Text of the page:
On the way home today, I thought about all the ways that we are moving on.
We are moving on as we schedule a meeting to find out more about a new private school. This school seems to be just what we would dream and create if we had an unlimited budget and hours of free time. With a technology-heavy curriculum, we hope that he would be inspired by the new learning and that traditional work books and rote memorization would be part of his past. We hope that he would meet other kids with similar passions and connect with that best friend that everyone needs.
We are moving on as we connect with a former classmate and schedule an upcoming play date. I was nervous to contact the parent, wondering what she knew about my son’s struggles. She was gracious and shared that her son was happy that I emailed them. I can tell that he is moving on as he starts to mention other people that he would like to see soon.
This is new. It is important; it shows that he is starting to feel comfortable inside of his own skin again.
We are moving on as we make summer plans. A nice combination of learning and playing with a few trips thrown into the mix. We are already making plans for his summer birthday and he reminds me, with a sparkle in his eyes, that he will be nine. Nine?!
That just can’t be.
We are moving on and his tolerance for more learning, more teaching is growing and stretching. Yesterday, was a full day of many subjects. There was some pushing back, but I was proud of what he was able to accomplish.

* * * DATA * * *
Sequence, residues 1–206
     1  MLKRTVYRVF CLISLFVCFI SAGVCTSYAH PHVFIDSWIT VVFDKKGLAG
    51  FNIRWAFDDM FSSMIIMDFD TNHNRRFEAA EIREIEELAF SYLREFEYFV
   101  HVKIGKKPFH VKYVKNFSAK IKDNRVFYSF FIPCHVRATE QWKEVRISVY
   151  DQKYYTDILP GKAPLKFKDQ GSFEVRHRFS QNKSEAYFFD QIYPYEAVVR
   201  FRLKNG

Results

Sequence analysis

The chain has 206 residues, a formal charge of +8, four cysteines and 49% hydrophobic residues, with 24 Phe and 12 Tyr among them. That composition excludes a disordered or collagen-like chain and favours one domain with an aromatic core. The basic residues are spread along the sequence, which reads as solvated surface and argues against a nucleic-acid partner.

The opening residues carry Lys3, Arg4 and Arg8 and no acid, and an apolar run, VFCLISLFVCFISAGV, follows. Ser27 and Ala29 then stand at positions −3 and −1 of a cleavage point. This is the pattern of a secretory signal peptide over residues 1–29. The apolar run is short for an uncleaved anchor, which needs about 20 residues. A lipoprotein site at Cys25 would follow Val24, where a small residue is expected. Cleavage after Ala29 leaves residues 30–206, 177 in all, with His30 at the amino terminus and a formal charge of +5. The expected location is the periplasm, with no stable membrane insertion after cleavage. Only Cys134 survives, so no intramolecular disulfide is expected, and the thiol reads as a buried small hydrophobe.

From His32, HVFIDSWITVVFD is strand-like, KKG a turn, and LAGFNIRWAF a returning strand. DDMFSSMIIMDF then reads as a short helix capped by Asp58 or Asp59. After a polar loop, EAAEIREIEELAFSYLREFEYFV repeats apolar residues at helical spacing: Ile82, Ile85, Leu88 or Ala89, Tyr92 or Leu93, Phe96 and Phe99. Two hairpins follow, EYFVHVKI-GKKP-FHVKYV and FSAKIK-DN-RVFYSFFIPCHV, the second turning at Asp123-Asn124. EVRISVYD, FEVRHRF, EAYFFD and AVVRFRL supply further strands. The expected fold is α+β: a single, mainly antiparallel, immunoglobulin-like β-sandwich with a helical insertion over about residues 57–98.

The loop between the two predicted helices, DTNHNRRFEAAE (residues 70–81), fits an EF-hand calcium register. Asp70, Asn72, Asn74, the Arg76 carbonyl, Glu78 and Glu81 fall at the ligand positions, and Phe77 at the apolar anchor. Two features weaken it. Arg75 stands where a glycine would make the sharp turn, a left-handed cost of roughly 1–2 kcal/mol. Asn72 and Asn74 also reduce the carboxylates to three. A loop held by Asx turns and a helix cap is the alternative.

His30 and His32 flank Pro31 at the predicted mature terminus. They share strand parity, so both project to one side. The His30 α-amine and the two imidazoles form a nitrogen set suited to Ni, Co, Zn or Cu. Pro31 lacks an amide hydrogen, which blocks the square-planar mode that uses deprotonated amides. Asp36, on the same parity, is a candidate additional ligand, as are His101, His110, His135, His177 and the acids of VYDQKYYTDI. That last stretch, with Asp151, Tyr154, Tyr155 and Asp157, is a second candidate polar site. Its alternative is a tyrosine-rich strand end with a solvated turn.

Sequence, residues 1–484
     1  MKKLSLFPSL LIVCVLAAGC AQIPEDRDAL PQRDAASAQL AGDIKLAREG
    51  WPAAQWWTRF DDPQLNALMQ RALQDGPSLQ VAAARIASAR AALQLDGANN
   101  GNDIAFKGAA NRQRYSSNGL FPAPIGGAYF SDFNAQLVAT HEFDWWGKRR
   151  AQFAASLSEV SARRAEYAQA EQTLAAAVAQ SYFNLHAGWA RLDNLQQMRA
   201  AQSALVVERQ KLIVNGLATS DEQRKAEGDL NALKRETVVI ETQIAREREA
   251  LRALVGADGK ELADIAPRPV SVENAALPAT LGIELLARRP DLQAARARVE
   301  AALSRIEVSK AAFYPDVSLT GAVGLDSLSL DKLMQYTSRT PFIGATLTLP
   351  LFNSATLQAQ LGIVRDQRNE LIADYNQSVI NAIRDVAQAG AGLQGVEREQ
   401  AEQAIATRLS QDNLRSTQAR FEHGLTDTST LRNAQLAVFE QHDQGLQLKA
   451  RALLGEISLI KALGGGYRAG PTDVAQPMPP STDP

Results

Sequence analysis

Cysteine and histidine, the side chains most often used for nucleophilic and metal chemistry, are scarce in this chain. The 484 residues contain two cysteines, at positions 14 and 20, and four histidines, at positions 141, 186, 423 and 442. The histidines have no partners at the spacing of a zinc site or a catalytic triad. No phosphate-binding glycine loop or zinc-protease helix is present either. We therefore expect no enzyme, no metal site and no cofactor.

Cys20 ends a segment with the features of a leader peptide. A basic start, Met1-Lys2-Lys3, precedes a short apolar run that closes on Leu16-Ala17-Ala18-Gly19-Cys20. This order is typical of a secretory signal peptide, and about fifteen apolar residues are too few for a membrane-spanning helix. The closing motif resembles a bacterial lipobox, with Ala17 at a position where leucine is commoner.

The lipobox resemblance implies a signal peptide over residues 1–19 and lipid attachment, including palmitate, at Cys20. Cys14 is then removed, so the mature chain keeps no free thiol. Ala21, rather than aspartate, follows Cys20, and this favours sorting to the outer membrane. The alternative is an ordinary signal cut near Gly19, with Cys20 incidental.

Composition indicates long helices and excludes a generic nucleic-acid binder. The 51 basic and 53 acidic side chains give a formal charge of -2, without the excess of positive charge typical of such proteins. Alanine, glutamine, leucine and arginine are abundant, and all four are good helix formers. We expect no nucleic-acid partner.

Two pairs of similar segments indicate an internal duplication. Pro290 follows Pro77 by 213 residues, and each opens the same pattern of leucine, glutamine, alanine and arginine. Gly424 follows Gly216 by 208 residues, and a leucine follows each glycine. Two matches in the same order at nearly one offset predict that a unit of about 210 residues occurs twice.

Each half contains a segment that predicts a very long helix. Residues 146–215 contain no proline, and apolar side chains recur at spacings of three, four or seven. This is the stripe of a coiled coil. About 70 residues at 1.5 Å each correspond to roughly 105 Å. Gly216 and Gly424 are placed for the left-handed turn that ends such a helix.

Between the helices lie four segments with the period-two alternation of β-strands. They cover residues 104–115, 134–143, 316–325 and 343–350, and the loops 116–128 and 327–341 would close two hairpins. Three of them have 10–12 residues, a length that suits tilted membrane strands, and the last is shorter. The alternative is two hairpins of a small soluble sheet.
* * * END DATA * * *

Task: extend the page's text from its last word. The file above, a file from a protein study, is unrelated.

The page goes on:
We are moving on with filing a formal complaint against the school district for the pain and the neglect and the discrimination. We know that the relationship with that school is done and over, but we want to make sure that other parents and families don’t experience what we have been subjected to. We don’t want another child to feel less than, worthless, invisible.
We are moving on and the air and the conversations aren’t heavy with pain and worry.
We are moving on.
“We are moving on with filing a formal complaint against the school district for the pain and the neglect and the discrimination. We know that the relationship with that school is done and over, but we want to make sure that other parents and families don’t experience what we have been subjected to. We don’t want another child to feel less than, worthless, invisible.” <—-YES, YES, YES! I know exactly where you are coming from with this! Do schools not know or understand the pain and damage they cause when they refuse to meet the real educational needs of gifted children or any child? You are so brave!
I don’t know about brave, but we are determined to have changes made 🙂
You optimism is inspiring!! I hope great things come to you and your son this summer and next school year!! Visiting from SITS.
Thank you so much! Trust me when I say it has been quite a process to get to that point 🙂